Friday, September 4, 2009

The Bradford Cousins and the Whiskey Rebellion - Part 1

A little known episode in American history, the Whiskey Rebellion, which took place in western Pennsylvania in the 1790's, is known as the Federal government's first real test of power, but it also revealed the mood of a frontier people who just a few years earlier had fought a war to free their young nation from what they considered harsh and unfair taxation by mother England. Also, many of these farmers were of Scots-Irish origin, and curtailing the production of their whiskey was not destined to be a popular notion.

According to Wiki: "The Whiskey Insurrection was a popular uprising that had its beginnings in the 1791, and culminated in an insurrection in 1794 in Pittsburgh, Pennsylvania, in the Monongahela Valley. During George Washington's presidency, the government decided to tax whiskey in order to pay off the national debt. This infuriated the citizenry and lead to the Whiskey Rebellion... The tax on whiskey was bitterly and fiercely opposed..on the frontier from the day it was passed. Western farmers considered it to be both unfair and discriminatory, since they had traditionally converted their excess grain into liquor. Since the nature of the tax affected those who produced the whiskey, but not the people who bought the whiskey, it directly affected many farmers. Many protest meetings were held, and a situation arose...From Pennsylvania to Georgia, the eastern counties engaged in a campaign of harassment of the federal tax collectors. 'Whiskey Boys' also made violent protests in Maryland, Virginia and North and South Carolina."

Thus it was not only western Pennsylvania that was in the grips of dissent. However, by the summer of 1794 when tensions reached a fever pitch and civil protests turned into armed rebellion, it was in western Pennsylvania that the first shots were fired at the William Miller* homestead 10 miles south of Pittsburgh. General Neville had ordered a group of insurrectionists to stand back, then fired into the group, a bullet mortally wounding William's son, Oliver Miller. The locals considered this murder. "As word of the rebellion spread across the frontier, a whole series of loosely organized resistance measures were taken, including robbing the mail, stopping court proceedings, and the threat of assault on Pittsburgh. One group, disguised as women, assaulted a tax collector, cropped his hair, coated him with tar and feathers, and stole his horse." (ibid).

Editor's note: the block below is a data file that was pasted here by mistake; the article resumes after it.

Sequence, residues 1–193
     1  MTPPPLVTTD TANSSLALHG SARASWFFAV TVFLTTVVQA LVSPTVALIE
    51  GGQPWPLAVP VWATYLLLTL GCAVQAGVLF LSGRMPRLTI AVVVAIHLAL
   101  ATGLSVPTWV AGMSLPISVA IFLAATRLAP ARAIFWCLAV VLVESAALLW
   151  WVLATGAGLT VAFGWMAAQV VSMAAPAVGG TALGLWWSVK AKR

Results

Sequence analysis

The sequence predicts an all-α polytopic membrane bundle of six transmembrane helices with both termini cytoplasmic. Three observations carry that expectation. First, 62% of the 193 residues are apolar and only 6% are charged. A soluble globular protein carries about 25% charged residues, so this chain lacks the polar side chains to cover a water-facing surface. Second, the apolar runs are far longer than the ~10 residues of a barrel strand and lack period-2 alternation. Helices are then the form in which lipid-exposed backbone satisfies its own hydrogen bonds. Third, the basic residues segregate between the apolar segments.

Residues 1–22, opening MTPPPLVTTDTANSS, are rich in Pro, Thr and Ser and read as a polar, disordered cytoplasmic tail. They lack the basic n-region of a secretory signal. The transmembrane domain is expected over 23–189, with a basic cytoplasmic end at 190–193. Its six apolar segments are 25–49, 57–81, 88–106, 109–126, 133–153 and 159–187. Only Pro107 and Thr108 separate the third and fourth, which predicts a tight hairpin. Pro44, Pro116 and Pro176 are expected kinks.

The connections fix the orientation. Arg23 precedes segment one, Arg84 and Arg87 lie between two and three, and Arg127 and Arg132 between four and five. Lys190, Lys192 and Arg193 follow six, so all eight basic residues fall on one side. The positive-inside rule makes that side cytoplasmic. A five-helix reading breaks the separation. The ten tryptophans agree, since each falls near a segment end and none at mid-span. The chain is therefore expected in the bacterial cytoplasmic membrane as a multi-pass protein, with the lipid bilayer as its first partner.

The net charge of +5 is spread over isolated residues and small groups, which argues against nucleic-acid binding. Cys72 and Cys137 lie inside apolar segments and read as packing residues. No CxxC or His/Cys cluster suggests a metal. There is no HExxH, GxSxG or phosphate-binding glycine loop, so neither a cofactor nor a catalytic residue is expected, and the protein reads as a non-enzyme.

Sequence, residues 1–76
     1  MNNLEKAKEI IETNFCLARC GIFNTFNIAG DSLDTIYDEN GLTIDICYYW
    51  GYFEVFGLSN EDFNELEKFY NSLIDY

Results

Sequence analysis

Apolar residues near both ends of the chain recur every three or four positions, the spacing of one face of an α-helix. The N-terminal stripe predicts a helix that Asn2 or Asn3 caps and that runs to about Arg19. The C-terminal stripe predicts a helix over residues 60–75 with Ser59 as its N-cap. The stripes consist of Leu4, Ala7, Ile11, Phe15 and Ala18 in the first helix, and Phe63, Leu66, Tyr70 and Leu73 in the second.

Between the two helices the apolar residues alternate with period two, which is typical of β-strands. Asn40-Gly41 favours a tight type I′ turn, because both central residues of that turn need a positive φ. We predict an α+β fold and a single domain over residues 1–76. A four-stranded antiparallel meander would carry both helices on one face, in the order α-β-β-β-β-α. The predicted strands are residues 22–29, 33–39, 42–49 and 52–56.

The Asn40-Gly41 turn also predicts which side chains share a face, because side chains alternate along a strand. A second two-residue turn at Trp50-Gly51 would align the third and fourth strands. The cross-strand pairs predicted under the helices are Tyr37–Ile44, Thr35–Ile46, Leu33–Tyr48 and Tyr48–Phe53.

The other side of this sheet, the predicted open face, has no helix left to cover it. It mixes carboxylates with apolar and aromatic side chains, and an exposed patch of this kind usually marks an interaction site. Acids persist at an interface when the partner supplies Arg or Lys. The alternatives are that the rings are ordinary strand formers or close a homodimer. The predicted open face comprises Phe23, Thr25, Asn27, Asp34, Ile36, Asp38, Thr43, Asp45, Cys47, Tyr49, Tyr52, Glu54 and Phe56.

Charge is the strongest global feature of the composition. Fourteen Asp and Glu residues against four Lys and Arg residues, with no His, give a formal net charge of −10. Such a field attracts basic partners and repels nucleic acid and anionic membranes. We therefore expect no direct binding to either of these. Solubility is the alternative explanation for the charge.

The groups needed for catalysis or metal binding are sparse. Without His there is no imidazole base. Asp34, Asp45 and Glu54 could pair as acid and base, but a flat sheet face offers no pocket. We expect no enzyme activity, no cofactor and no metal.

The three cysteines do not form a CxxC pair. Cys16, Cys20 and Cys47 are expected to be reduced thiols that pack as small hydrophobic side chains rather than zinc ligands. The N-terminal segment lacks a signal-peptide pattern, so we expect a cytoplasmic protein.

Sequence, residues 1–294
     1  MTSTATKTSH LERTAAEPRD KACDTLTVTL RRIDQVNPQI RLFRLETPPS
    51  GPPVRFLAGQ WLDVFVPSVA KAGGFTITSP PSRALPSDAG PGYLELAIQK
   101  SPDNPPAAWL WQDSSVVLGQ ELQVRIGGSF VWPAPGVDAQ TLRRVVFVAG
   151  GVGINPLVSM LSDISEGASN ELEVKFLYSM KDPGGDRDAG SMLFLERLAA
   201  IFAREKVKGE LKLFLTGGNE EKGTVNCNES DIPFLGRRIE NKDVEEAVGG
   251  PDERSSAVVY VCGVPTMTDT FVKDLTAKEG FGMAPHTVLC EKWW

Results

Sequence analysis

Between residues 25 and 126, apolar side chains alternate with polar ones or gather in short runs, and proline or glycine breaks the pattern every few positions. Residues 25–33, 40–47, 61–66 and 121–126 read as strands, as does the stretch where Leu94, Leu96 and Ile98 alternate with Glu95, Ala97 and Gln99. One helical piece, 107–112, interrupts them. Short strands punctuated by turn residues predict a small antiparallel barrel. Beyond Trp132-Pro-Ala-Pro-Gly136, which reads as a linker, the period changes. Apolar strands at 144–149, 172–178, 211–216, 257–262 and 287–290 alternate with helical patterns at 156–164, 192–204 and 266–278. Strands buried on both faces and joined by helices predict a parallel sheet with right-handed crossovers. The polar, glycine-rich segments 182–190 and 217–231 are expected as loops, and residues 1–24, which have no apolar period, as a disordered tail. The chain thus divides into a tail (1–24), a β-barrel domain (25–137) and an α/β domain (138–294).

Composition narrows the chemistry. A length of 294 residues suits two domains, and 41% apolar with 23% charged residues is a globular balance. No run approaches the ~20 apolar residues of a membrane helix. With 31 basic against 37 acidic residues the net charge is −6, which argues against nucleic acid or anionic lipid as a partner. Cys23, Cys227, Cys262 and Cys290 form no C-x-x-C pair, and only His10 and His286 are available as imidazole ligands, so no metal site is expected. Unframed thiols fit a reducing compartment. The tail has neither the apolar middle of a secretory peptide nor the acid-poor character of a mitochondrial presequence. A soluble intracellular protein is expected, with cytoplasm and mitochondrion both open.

In the next post, we will examine the role of Rebecca Bradford Miller's brother and cousin in this intriguing, and even disturbing, story from American history.

[*research is continuing into whether or not this William Miller was a relative of our William Miller. This William's father, Oliver Miller Sr., is said to have immigrated to America from County Antrim in Northern Ireland in 1742, settling in Cecil County, Maryland]

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